Take a look at our trip then continue reading.

    New Orleans is a beautiful place. Go there and enjoy it while you can. The people are wonderful and are willing to talk to you. On our last night we ran into all of the folks from Shell on Bourbon street walking around. The culture is phenomenal and if nothing else that is why you rebuild and rebrand the city. Not to mention that 1/3 of our sea food comes from the gulf coast or that millions of gallons of oil come from their.

    So what do you notice in the pictures posted? Any oil? Any sad faces? Well the oil wasn’t really that bad to the coastline or the fishing and with much stricter regulation on the sea food your sure to get good food. The biggest problem isn’t the levees or the oil companies, it’s the perception that people have of the gulf. What drove that conclusion home for me was our swamp tour boat captain. He ran a chartered boat service and since the spill he’s only had a charter once per week. He’s been fishing and eating fish with no problems, except that no one wants to do it anymore.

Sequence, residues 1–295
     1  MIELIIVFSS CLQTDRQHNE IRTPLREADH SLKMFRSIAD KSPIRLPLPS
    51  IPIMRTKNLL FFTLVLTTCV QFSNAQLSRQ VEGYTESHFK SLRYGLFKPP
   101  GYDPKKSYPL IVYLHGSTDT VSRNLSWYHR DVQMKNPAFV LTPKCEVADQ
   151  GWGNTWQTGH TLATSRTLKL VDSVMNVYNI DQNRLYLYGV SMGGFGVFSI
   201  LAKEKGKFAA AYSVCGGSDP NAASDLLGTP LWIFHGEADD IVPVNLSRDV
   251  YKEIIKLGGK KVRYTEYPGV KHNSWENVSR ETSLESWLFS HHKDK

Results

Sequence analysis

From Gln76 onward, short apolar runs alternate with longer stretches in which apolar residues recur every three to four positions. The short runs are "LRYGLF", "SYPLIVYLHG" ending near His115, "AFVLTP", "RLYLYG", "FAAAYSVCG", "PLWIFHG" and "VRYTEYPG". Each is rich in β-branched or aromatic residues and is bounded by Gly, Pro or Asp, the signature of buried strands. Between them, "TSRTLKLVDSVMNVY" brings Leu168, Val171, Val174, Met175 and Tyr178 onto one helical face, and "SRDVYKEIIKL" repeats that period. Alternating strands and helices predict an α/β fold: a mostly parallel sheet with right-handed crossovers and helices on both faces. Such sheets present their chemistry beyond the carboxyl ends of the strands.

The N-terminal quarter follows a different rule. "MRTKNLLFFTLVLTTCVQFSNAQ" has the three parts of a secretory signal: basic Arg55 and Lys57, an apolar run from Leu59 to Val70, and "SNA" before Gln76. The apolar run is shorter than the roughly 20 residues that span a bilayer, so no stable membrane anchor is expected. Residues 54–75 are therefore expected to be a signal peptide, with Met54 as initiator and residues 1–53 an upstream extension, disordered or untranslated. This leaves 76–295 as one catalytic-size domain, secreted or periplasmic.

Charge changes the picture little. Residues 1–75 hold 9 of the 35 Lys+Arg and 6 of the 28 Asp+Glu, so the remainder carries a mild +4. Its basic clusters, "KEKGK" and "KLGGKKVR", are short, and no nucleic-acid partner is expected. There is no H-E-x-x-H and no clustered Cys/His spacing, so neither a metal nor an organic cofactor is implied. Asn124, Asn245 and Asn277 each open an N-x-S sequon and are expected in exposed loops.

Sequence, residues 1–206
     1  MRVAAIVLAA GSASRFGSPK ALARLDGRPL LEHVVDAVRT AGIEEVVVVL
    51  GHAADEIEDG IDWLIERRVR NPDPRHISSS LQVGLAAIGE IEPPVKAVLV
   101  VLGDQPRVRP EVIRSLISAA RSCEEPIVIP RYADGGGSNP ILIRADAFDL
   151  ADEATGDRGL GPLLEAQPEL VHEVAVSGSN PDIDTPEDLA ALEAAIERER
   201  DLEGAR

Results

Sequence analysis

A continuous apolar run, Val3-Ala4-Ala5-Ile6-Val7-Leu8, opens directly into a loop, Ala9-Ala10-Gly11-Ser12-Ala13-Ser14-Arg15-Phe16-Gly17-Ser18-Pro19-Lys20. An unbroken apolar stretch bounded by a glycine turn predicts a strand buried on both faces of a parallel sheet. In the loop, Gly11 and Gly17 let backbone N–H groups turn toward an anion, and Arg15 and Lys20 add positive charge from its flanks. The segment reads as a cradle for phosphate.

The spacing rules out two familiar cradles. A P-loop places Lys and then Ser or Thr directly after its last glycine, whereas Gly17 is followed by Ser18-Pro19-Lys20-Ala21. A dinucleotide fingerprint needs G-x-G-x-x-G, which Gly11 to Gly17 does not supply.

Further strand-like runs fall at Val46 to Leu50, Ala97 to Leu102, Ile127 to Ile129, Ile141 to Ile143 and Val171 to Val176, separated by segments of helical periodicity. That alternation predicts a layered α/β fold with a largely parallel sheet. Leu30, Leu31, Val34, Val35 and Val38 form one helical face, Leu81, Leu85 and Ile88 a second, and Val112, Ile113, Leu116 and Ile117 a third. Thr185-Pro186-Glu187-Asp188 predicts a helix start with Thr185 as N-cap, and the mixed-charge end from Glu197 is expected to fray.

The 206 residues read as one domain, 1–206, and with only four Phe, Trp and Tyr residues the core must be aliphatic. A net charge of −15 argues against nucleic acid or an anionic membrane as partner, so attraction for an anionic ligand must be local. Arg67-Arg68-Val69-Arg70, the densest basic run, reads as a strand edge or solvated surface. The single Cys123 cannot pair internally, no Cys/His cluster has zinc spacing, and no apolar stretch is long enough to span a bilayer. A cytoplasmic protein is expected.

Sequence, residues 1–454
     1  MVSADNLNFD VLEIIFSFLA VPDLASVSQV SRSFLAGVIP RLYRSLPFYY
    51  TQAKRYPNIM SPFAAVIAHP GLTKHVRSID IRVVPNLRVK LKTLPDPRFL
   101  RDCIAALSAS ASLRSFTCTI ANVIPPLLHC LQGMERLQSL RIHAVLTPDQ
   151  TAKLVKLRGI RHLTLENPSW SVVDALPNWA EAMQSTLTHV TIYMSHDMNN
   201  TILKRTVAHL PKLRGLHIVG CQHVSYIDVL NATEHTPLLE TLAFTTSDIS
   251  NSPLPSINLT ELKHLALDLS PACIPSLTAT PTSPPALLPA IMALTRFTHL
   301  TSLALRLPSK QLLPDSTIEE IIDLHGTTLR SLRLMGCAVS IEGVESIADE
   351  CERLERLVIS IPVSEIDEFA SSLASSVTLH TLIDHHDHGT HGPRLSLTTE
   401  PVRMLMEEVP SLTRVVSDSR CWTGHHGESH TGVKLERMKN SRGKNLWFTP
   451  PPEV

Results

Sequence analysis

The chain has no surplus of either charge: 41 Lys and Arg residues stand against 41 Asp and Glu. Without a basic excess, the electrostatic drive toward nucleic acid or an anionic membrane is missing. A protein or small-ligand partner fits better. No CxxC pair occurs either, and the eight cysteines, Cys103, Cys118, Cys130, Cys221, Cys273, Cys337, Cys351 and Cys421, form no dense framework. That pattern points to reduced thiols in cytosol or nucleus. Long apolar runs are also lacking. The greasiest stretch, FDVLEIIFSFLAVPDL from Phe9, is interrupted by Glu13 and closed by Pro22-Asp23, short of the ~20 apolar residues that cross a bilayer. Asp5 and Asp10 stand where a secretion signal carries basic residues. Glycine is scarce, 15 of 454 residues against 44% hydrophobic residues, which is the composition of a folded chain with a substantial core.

Another interesting thing he imparted to us was the total ineffectiveness of the United States government. Eric is still waiting for his FEMA truck that was supposed to come 5 years ago. But that doesn’t stop him from being happy about being alive.

    Perhaps we should trust the groups that can love because it seems that the government can not love. Find a cool way to help out and be apart of something that interests you.